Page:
Alarmed by a trend of people livestreaming violent crimes, a California state senator proposed Tuesday to require social media websites including Facebook and YouTube to remove photographs and videos of crimes posted by alleged perpetrators when a request is made by victims.
State Sen. Richard Pan (D-Sacramento) believes the bill would be the first of its kind in the U.S. Last August, Pan was allegedly shoved by a man who opposed his legislation to toughen vaccine requirements for schoolchildren, Senate Bill 276, which was later signed into law by Gov. Gavin Newsom. The alleged perpetrator was cited on suspicion of assault by the Sacramento Police Department after he livestreamed the confrontation on his Facebook page, where it remains though Pan has asked the company to remove the video.
“Perpetrators of violence know that the more shocking and violent their crime is, the more likely they are to go viral,” said Pan, a pediatrician. “We cannot allow the perpetrators of violence to use social media platforms to personally benefit from the violence and criminal activity they committed.”
The senator cited a series of recent crimes that were livestreamed and drew large Internet audiences, including an incident on Thursday in Montgomery, Ala., in which a man was shot to death while streaming a Facebook Live video.
“By last Saturday, the video had been viewed more than 377,000 times with 10,200 shares,” Pan said.
Under Senate Bill 890, social media companies would face civil fines of $1,000 for each day the photo or video is not removed following a request from a crime victim.
Pan’s proposal drew concerns Tuesday that it would violate constitutional rights to free speech and due process.
“I understand his motivation for doing this given his own personal experience, but the bill is really problematic,” said David Greene, civil liberties director for the Electronic Frontier Foundation, a nonprofit organization that advocates for civil liberties in the digital world. “It’s barred by federal law because it’s imposing liability on an internet platform for user content, which is something that is preempted by federal law.”
Green said video content can be “protected speech” and could include newsworthy information that is in the public interest.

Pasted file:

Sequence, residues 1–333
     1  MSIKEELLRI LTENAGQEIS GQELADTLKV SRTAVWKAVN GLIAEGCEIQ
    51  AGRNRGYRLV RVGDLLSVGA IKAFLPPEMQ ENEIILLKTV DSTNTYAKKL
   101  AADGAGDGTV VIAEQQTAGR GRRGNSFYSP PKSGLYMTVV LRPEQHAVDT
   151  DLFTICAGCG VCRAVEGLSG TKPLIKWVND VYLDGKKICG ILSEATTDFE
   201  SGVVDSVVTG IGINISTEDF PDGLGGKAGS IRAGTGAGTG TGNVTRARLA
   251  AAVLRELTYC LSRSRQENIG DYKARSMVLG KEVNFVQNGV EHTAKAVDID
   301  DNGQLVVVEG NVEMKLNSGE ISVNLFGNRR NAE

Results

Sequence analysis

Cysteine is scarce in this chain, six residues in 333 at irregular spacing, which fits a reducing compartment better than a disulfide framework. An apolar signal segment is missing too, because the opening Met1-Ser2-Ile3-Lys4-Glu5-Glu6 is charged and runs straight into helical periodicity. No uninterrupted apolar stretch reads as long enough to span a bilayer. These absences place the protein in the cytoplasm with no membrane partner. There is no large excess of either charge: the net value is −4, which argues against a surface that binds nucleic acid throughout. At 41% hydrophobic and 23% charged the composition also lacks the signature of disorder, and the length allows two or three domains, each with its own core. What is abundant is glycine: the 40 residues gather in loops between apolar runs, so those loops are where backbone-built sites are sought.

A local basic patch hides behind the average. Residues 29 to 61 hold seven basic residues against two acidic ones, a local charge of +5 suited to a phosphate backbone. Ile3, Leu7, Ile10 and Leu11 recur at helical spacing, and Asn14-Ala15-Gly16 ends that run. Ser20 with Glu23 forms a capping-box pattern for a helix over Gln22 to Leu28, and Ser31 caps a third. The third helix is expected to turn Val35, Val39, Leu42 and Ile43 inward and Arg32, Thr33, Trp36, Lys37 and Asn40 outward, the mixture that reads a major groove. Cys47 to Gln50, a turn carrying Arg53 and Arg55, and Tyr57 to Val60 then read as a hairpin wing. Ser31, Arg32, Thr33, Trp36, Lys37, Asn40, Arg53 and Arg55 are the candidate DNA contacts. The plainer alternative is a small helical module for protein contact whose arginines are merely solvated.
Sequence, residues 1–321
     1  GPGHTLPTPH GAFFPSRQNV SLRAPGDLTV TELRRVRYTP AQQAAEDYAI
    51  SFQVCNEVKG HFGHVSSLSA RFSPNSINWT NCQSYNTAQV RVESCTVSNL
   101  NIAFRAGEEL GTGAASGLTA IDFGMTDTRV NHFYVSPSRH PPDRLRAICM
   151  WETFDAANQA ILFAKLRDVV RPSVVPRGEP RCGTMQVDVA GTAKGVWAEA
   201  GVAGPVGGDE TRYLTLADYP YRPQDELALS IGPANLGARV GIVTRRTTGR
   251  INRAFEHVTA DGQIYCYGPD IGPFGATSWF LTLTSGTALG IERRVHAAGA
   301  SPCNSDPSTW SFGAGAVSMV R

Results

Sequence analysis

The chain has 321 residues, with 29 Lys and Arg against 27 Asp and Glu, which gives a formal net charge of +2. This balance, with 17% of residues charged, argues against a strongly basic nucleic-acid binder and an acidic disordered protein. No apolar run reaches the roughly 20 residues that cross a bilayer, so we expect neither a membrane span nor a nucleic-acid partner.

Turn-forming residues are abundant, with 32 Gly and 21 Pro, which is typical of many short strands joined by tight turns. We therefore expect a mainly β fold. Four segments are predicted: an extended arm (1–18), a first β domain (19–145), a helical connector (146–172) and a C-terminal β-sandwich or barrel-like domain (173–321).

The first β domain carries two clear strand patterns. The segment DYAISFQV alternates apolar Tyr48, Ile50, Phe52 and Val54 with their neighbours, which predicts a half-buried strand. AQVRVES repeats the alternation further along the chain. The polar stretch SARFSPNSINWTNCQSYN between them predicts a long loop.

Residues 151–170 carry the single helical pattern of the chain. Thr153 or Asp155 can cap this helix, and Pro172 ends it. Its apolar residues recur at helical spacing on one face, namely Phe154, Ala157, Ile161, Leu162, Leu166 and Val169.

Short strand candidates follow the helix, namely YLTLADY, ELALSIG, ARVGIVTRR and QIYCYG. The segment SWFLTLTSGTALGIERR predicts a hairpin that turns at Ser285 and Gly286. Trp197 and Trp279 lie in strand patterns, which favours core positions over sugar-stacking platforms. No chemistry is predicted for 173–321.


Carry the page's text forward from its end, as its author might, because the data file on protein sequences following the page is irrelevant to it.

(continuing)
Some Republican lawmakers share Greene’s concerns, according to one top aide, who said that while the bill relies on a crime being committed, the demand for immediate action could mean there would not be time for a court to decide whether the law was violated in the video.
The legislation does not currently specify which crimes it pertains to, but Pan’s office said the bill is intended to apply only to violent crime.
Facebook officials declined to comment Tuesday on the legislation, but acknowledged after a 2017 incident that the issue is one they are grappling with.
In that case, a video of a Cleveland man shooting an elderly man at close range was livestreamed on Facebook after the alleged perpetratorposted a video indicating he planned to kill someone. Pan said it took Facebook nearly two hours to disable the person’s account after the first video was reported.
At the time, Facebook’s vice president of global operations, Justin Osofsky, issued a statement saying the company could do better in responding to such incidents.
“As a result of this terrible series of events, we are reviewing our reporting flows to be sure people can report videos and other material that violates our standards as easily and quickly as possible,” he said.
Pan said his proposal follows the lead of Australia, where legislation was approved last year to require social media companies to “expeditiously” remove violent postings.
The California bill is supported by the advocacy group Crime Victims United of California, said its president, Nina Salarno.
“We cannot allow social media websites to be used as a tool to further harm victims and their families,” Salarno said. “While social media companies grapple with how to combat the streaming of violent crimes, protections need to be in place to ensure the rights of victims are respected.”
By Patrick McGreevy, Los Angeles Times